tingling from bubbling surf and his nose inhaling the perfect salt air. He felt like he was coming back to life. Everything felt new and untainted. And then there was Diane. He suddenly felt the overwhelming urge to hold her, to smell her hair and taste her lips. But he didn’t do any of those things. Instead he kept walking. “How have you been?” he asked after he’d finally gotten up the nerve to speak. “How do you think I’ve been?” she said, an edge to her tone that she’d never leveled at him. “I’m sorry.” Diane stopped. Her right hand reached out and touched his arm. “I shouldn’t have said that.” Cal shook his head. “It’s my fault. I’m the one who ran away.” “You were in pain.” “I was, but it wasn’t fair just leaving you like that. I can’t imagine how that made you feel.” Diane let out a nervous laugh. “It wasn’t pretty. I was a wreck. Top would stop by every couple of days to check on me. He was really sweet and he even brought me dinner when he could tell I wasn’t eating.” The thought of Diane in pain made Cal’s heart ache. He’d done this to her. “But I got through it. We all did. Jonas said I could stop by The Jefferson Group whenever I wanted and for a while I did. I hope they didn’t get sick of me. I just…I had this crazy feeling that one day you’d walk through the front door and everything would be exactly like it had been.” Diane’s voice trailed off sending the dagger deeper into Cal’s gut. He took her hand in his. She didn’t let go. “The day Trav died, a part of me died too,” Cal said, vocalizing the pain that he was only now beginning to comprehend. “He was the only family I had left. He was more like my brother and for months the only way I could remember him was from the last time I saw him with blood on his face and those eyes staring into nothingness —” The image stormed into his brain but this time he was able to push it away replacing it with a happier memory of the good times he’d had with his cousin. “I’ve lost people before, only this time it felt so final, like everything had been taken. I wasn’t in a place mentally where I could be any good to you. I honestly never expected you to talk to me again.” Diane squeezed his hand. “I’m here now.” “I know.” “And you were wrong.” “About what?” “You have family. Neil, Top, Jonas and the rest of your guys. I mean, the president is one of your best friends. You’re not alone, Cal. You’ll never be alone.” “What about you? Are we still friends?” The words felt childish, but Cal didn’t care. Diane nodded. “Is there a chance we can be more than friends again?” Diane stepped closer and said, “We’ll take it slow, okay?” Hope sprouted in Cal’s chest, warm and inviting. Her answer was more than he’d believed himself worthy of. “I’m good with slow,” he said. Diane grinned. “But not too slow.” She squeezed his hand again and they stood there for a minute, just enjoying the morning and each other.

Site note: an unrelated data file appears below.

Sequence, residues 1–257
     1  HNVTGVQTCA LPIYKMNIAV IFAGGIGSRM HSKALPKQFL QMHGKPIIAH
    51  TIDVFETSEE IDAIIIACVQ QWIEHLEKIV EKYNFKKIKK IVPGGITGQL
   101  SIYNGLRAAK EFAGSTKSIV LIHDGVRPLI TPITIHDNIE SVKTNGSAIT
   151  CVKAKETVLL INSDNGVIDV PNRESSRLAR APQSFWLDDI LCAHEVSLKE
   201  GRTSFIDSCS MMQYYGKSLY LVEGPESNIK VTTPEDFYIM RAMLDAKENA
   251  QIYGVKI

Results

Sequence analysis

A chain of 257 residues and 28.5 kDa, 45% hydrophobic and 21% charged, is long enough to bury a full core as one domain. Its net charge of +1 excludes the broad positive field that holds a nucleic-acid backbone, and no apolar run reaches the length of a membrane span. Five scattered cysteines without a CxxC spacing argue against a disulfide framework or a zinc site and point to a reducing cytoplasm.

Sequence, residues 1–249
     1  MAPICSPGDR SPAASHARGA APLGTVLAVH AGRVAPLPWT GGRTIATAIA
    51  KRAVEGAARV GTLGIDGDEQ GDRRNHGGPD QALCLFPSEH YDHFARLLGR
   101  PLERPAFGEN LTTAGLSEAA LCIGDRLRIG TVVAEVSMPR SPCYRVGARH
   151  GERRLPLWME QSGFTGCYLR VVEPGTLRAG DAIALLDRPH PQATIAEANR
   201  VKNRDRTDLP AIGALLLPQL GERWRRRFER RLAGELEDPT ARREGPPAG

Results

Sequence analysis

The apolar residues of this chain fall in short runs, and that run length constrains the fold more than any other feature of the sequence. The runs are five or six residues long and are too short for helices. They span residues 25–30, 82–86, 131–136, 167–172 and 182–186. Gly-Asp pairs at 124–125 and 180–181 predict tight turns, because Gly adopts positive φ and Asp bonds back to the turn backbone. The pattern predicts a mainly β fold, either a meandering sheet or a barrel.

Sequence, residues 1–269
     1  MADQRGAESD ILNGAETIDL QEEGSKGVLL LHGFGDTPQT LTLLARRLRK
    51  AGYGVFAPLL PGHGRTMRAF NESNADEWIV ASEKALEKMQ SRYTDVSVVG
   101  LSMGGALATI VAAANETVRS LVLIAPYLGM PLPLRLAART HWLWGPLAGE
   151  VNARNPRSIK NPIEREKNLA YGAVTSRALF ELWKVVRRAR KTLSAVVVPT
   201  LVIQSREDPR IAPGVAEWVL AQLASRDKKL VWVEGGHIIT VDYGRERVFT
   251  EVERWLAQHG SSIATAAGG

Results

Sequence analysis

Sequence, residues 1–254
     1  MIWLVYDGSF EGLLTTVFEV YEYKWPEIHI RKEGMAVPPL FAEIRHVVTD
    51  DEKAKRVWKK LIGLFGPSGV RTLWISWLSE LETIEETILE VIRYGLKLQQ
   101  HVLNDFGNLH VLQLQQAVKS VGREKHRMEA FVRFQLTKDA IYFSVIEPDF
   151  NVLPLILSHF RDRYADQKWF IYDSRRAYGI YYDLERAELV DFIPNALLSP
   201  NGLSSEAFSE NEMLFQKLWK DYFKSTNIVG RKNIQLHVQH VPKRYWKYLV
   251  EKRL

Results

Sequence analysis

By the time they arrived back at the house, Diane had filled Cal in on her studies and her career path. She’d graduated from UVA in May and was temporarily assigned to the Naval ROTC unit until a slot opened up for the Naval Intelligence basic course in Dam Neck, Virginia. Cal was happy that she was pursuing her dream to be an intelligence officer. Her experience as an enlisted intelligence analyst would only add to her considerable skill as an officer. She’d be a valuable asset to any command, and at one point Cal had even entertained offering her a position within TJG. Maybe it was better that they kept their professional lives separate. They were still holding hands when they entered Cal’s vacation rental. The Secret Service agent at the door nodded a curt hello and said something into his mic. Cal and Diane followed the sounds of happy chatter and the smells of coffee and breakfast. When they